Kristen Hare presented her second edition of “100 Things to Do in Tampa Bay Before You Die” at Bruton Memorial Library last week.
When Kristen Hare set out to create the perfect guide on how to fully get the most out of living in Tampa Bay she wasn’t expecting to spend the next four years falling in love with places locals have held dear to their hearts for generations.
Her first edition of “100 Things to Do in Tampa Bay Before You Die” came out in 2014 and tapped into a variety of
local gems that make this one of the greatest areas the state to live. Then she spent years sharing the finds with others and, more importantly, learning about the places they cherished. The second edition of the priceless novel is now out and Hare visited Plant City’s Bruton Memorial Library to discuss some of her new finds with local residents.
“I think what’s exciting to me about this edition is it really, it contains adventures that people that I’ve met over the last four years have recommended in addition to the ones I’ve gone on and found on my own,” Hare said
When Hare came to Plant City in May to discuss the original book she lingered after, writing down suggestions as attendees came up and shared stories of excursions they used to go on. Those suggestions and the countless pages worth of others she’s gathered over the years were essential in helping her update the book. Much ended up on the cutting room floor, but the new edition has even further captured the heartbeat of the Bay.
Hare is a journalist covering the transformation of local news for the Poynter Institute. Her news background caused her to approach the book with the mindset that she could never be the primary source. She sought out the recommendations of those who have spent their lives among Tampa Bay’s eclectic atmosphere and used her “fresh eyes” to tie everything together in a succinct how-to guide for the area.
Her motto has always been, “Don’t let the tourists have all the fun,” but this time around she said her intent has shifted to really focus on opening up the doors to locals to the hundreds of hidden gems scattered among the Bay.
“To me the biggest change between the first and second edition is really the intent,” Hare said. “I wrote the first book without a specific audience in mind, visitors, locals everyone. This second edition is really for locals. I’m happy for people who are new to the area to use it as a way to explore, but it’s time we realize we live in a place that the rest of the world vacations in.”
Plant City is featured multiple times throughout the second edition, a fact that attendees adored during Hare’s presentation last week at Bruton. Keel and Curley Winery, Parkesdale Farm Market, the you-pick at Wish Farms, the Florida Strawberry Festival, antiquing downtown, playing at Dinosaur World and exploring the old oaks at Medard Park are some of the highlights of the Bay, according to Hare.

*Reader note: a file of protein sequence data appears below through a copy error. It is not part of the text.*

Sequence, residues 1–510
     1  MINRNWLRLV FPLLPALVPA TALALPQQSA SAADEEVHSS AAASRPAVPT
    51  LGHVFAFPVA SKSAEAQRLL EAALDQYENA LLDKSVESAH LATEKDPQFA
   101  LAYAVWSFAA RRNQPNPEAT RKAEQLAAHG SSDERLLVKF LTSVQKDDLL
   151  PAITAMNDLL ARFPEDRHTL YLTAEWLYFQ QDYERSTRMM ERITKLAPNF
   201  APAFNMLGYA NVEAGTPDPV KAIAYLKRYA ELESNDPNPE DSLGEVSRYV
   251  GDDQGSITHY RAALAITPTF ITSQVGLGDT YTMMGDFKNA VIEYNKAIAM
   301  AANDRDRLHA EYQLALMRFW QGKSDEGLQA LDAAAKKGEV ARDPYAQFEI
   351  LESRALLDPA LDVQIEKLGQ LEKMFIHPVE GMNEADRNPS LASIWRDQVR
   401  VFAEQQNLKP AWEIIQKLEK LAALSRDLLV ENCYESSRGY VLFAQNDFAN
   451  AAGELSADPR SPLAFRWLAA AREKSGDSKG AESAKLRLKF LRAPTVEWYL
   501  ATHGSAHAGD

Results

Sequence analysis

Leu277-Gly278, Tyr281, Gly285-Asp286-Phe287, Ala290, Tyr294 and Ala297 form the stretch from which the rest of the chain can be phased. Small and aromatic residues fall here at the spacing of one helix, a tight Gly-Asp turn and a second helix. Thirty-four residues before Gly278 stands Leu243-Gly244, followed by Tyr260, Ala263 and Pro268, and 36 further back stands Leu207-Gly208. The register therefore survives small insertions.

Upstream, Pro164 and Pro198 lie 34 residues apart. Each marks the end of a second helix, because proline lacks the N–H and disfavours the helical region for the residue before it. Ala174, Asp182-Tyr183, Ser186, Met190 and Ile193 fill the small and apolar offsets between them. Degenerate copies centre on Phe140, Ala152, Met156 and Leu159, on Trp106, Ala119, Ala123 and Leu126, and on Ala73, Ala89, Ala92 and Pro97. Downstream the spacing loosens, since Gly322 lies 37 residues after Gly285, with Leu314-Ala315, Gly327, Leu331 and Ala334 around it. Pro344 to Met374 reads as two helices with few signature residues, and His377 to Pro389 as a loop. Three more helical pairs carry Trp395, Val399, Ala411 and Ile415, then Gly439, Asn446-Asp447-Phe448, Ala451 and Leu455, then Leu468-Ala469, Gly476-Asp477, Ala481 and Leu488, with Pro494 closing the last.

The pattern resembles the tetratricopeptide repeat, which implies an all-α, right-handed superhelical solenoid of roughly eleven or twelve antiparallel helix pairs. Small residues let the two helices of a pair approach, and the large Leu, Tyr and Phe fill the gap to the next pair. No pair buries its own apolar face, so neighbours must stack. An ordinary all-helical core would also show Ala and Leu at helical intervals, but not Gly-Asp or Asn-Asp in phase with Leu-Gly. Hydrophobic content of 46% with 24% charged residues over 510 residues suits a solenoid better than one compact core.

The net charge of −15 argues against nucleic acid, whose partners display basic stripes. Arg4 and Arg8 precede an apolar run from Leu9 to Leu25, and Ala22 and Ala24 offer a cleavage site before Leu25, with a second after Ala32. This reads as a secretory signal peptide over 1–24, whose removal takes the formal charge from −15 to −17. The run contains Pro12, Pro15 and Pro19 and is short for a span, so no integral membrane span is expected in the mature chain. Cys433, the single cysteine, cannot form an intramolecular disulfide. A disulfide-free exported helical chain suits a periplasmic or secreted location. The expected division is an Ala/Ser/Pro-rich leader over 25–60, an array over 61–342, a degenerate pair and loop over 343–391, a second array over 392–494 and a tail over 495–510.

“I think Plant City, it can be easy for people to overlook because depending on where you’re coming from, it’s not a place you have to drive through or by,” Hare said. “For the parks and the downtown alone it’s 100% worth a half day trip to get out and see something you haven’t seen before. I’m from the Ozarks in Missouri, I love small towns and the charm that especially downtown Plant City has, it’s worth the drive.”
As the name suggests, Hare genuinely agonized over whether each pick was truly somewhere everyone absolutely had to visit before they died or whether it was merely a neat venue that had acquired a few passionate fans.
She said she made it her mission to stick to the classics, to find things that most locals didn’t know about and to avoid “trendy” restaurants or events that she couldn’t guarantee would be here in a year.
Some of her prior picks are now woven into a larger recommendation as she learned more about the area. There are approximately 30 new selections. Some, like Bern’s Steakhouse, Hare said she quickly regretted omitting from the first edition. Others, like Linger Lodge, only crossed her radar once a stranger began recounting their adventures at the peculiar location.
As she continues to delve deeper into the Bay’s unique offerings she said there is always the chance down the road a third edition could appear. For now, Hare is eyeing a new project that would feature day trip destinations and highlight many of the local legends she’s heard about but wasn’t able to highlight due to distance.
“My biggest tip is sometimes you have to pretend that you’re a tourist and you have to do the things that tourists do,” Hare said. “My motto is always, ‘Don’t let the tourists have all the fun.’ Love where you live, rediscover it.”